Cypriot President Nicos Anastasiades has a new idea for winning frightened investors back to his country. He wants to offer Cypriot citizenship to foreigners who have lost more than €3 million ($3.91 million) as part of Cyprus' one-time forced levy on bank accounts. The president made the announcement in a speech to Russian businesspeople in Limassol on Sunday.
Anastasiades said his government is currently drafting a number of measures in order to limit the "damage to the Russian business community." And it was no coincidence that the president gave the talk in Limassol, Cyprus' second biggest city, which is often referred to by the nickname Limassolgrad because of the large number of Russians living there.
Rating agency Moody's estimates that Russian customers have deposited a total of €31 billion ($40.5 billion) in Cypriot banks. Those holding accounts with deposits in excess of €100,000 on the island will soon be hit with a one-time deposit tax that could reach as high as 60 percent in some instances, as part of the terms agreed with the European Union for the country to obtain a bailout package and avert bankruptcy. Experts believe the move will strongly diminish the country's attractiveness for investors and that its economy will shrink dramatically.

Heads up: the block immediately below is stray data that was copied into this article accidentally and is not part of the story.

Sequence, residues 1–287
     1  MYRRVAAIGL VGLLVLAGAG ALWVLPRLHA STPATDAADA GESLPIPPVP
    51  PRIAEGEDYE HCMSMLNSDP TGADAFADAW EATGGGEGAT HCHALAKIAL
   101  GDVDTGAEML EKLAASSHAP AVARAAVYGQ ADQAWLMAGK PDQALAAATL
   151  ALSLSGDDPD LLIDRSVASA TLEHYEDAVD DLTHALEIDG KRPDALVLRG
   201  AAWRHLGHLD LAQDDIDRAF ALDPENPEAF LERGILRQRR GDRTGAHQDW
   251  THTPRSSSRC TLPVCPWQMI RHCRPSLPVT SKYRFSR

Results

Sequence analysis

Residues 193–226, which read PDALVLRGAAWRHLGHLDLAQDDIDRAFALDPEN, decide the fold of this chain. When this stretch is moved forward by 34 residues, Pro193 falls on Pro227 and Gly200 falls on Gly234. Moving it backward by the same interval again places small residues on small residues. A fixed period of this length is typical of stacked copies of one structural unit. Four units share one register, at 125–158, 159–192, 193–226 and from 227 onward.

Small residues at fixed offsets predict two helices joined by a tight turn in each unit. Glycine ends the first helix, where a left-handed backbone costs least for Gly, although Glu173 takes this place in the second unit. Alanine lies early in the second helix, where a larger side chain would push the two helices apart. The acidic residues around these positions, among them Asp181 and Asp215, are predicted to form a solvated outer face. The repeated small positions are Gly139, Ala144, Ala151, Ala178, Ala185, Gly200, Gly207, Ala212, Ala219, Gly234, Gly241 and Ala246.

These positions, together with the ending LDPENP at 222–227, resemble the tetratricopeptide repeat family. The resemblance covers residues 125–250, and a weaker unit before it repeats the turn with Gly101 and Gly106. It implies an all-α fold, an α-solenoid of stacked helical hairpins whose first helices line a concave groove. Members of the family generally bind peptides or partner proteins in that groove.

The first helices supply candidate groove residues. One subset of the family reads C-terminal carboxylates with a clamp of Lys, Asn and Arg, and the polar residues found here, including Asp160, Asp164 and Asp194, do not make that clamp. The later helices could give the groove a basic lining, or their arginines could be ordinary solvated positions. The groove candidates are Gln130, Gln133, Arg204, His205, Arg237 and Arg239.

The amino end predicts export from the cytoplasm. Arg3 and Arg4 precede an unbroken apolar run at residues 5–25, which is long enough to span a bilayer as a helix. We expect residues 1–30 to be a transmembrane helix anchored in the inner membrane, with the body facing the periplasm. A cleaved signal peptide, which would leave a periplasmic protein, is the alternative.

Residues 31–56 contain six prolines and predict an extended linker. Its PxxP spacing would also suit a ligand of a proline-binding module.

Given the visa restrictions imposed on Russians, obtaining citizenship from an EU member state could indeed be an attractive proposition -- one from which Anastasiades would like to profit.
In addition to the potential citizenship offer, the government is also seeking to create other measures to help keep the country attractive to investors, including tax incentives for existing or new companies that conduct business in Cyprus. Anastasiades said the measures would be agreed by his government during two days of consultations this week.
At the end of March, the euro-zone member states and the International Monetary Fund agreed to a €10 billion bailout package for the crisis-plagued country. Cyprus' forced levy, or "bail-in," of bank account holders proved extremely controversial across Europe, but it could become more common in future bailouts.